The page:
SfEE statement on the June 2019 Commission Report
SFEE statement on the June 2019 Commission Report:
In its latest report, the Commission sees
what the Greek government has for years turned a blind eye to
The claw-back is increasing uncontrollably to levels soon to become unsustainable
Halandri, 7 June 2019.- The European Commission’s Third Enhanced Surveillance Report sends a vocal message about the soaring claw-back required by EOPYY from suppliers, warning that “the generation of new claw-backs is high and has been increasing over time to levels which may soon become unsustainable”.
SFEE has been sounding the alarm for several years now, as the industry faces exorbitant over taxation, with the pharmaceutical claw-back growing uncontrollably year after year. Up from EUR 79 million in 2012, the claw-back for 2018 exceeded EUR 550 million and is projected to reach EUR 680 million this year (based on IDIKA data for the January-May 2019 period), implying that over taxation will exceed 70%! Clearly, this policy is killing pharmaceutical companies and jobs, cancelling any investment plans and, above all, posing a huge risk to patients’ access to new and existing vital medicines.
At the same time, there are serious difficulties in claw-back collection, given that a number of companies are unable to pay and resort to long-term repayment arrangements, while outright defaulters do not face the consequences of the law.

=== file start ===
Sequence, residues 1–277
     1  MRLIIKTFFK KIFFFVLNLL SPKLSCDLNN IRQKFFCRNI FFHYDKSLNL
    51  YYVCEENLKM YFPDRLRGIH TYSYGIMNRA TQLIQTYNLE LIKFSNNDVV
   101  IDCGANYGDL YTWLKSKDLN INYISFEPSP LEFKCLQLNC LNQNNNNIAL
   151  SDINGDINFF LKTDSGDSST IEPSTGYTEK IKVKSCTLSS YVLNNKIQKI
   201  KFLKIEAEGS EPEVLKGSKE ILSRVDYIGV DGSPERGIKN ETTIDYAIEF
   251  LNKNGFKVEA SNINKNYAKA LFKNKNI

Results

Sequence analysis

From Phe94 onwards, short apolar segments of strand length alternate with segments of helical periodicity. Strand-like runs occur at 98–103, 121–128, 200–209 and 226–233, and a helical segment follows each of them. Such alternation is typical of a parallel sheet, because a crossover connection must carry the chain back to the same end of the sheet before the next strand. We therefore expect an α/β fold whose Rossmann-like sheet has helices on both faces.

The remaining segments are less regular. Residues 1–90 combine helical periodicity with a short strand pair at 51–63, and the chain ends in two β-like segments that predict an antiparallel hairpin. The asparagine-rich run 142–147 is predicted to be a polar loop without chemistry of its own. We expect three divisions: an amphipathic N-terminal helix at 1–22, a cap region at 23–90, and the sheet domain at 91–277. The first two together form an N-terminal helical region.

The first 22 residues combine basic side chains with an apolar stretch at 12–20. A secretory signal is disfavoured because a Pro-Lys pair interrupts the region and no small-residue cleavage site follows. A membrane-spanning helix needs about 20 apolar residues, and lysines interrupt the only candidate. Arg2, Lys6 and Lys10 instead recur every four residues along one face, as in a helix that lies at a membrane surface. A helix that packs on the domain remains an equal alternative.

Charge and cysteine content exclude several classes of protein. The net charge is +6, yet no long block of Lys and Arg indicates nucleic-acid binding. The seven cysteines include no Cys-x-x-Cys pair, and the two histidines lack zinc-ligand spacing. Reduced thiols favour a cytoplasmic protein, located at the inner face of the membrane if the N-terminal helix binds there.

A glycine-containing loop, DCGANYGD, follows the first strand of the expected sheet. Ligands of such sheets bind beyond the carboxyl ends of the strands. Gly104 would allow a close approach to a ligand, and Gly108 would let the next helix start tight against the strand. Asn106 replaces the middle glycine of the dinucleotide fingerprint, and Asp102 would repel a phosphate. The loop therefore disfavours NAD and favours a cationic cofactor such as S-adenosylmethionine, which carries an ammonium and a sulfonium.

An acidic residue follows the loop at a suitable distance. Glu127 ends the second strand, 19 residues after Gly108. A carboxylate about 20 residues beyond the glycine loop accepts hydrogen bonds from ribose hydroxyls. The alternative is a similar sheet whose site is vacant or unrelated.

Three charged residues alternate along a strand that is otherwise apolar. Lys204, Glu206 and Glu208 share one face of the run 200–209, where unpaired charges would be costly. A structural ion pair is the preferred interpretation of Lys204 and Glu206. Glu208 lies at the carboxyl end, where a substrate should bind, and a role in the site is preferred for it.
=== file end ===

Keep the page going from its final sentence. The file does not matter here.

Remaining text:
Thus, on the one hand, a new generation of ailing, heavily indebted companies is created and, on the other hand, competition law is violated, as the treatment is the same across those who comply with their obligations and those who do not.
In order to address this situation, the Report recommends what SFEE has advocated for years, namely that structural measures should be implemented targeting the demand side. In particular, the Report explicitly states that “The size of the excess spending through the claw-back underlines the need for more sustained efforts to implement structural measures designed to curb supply-induced demand, and indeed some recent measures may exacerbate the situation. The need for more sustained and effective implementation [as opposed to mere legislation] applies in many areas including therapeutic protocols, negotiating committee, centralized procurement, patient registers for high cost drugs, monitoring and control of prescription patterns by doctors and dispensing by pharmacists”.
However, the most important point of the report as far as this issue is concerned is the one referring to the need for co-responsibility between the State and pharmaceutical companies, stressing that: “Unless the claw-back mechanism is reviewed to ensure that its incentive structure limits moral hazard also on the public payer’s side and improves the balance of burden sharing between the public sector and private companies, this distortion might contribute to delaying the implementation of structural measures”.
The complacency created in the government as a result of the claw-back is now documented by the Commission’s Report!
Once again, we urgently call for:
– a revision of the level of public pharmaceutical expenditure in line with the real needs of our country;
– a ceiling on clawback, and co-responsibility between the State and the industry for expenditure overruns. This would exert pressure on the system to implement the necessary reforms, but it would also increase business predictability.
It is important that the government puts in place the conditions that will ensure a sustainable Health System, centered around unhindered patient access to life-saving treatments.
The full text of the Report is available at: